Megaupload operator’s extradition to US delayed on a technicality in New Zealand

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New Zealand’s Supreme Court has upheld decisions by lower courts that the operators of the Megaupload torrent site, which is said to have consumed 4% of the capacity of the Internet a decade ago, can be extradited to the United States to be tried on copyright infringment charges.

In 2015, although the legal team of the accused – Kim Dotcom (his legal name) and three colleagues – disagreed, a lower-level court decided that extradition to the US could occur, and ultimately, the Supreme Court has agreed.

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The alleged copyright abuse was said to have cost movie and music producers US$500m.

Read prior highlights of this case in Piracy Monitor

What were the charges?

Twelve of the charges qualified for extradition, including “racketeering conspiracy, conspiring to commit copyright infringement, five charges of wilful copyright infringement including by distributing a pre-release copy of the movie Taken, and five wire fraud counts,” according to reporting by The New Zealand Herald.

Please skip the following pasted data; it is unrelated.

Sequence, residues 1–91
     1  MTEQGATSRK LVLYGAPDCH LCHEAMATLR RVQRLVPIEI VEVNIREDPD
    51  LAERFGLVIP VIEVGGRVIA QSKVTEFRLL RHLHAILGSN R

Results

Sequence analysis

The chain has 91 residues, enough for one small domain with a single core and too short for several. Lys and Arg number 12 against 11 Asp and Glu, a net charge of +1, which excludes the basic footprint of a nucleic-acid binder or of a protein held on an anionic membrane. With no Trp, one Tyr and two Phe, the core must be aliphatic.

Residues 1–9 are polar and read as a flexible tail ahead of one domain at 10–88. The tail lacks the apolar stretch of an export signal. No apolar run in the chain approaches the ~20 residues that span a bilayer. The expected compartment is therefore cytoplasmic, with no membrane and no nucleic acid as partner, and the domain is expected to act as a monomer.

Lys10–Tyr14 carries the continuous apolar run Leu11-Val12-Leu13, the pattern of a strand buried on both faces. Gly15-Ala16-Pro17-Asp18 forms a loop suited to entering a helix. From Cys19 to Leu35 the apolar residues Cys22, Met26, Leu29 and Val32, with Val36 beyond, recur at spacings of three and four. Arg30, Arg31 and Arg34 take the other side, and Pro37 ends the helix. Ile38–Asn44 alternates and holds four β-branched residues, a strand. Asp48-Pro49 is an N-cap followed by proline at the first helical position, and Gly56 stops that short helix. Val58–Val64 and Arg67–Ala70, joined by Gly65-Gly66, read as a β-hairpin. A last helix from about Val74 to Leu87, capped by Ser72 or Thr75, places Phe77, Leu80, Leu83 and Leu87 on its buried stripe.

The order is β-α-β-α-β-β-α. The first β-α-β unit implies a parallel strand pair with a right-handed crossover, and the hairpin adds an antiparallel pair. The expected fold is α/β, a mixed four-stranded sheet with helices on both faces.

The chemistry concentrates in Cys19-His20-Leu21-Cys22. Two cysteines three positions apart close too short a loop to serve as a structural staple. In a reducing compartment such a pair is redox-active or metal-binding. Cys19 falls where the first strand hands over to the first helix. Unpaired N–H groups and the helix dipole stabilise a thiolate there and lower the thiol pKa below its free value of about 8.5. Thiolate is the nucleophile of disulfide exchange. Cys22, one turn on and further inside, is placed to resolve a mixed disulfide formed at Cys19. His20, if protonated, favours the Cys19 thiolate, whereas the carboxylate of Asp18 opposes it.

Read further current details in The New Zealand Herald

Delay on a technicality

But there’s a technicality: under New Zealand’s Extradition Act, to qualify for extradition, offenses must also be recognized as crimes in New Zealand.  “The Supreme Court was to consider whether there was double criminality – meaning would the allegations contained in the US charges also be criminal offences in New Zealand. But the court found there to be no matching offence for … an allegation of conspiracy to commit money laundering, and it discharged the group on that count,” said The Herald.

Further complexities

In another wrinkle, Dotcom accused New Zealand’s Government Communications Security Bureau (GCSB) of spying on him prior to Megaupload’s shut-down, in an effort to gather evidence of copyright infringement.  This was subsequently caught up in interpretations of New Zealand’s Evidence Act, with the GCSB arguing that recordings made while GCSB was investigating Dotcom should remain private, to protect the rights of the accused.  This had the effect of complicating the ability to prove copyright infringement.

Why it matters

Proof of infringement can become a highly complicated matter, and in this case, several issues have interfered with the determination as to whether (and how much of) this situation would have been deemed illegal under New Zealand law.

Only when these questions have been cleared, would Dotcom and colleagues be extradited to the United States to be tried there under copyright infringement charges.

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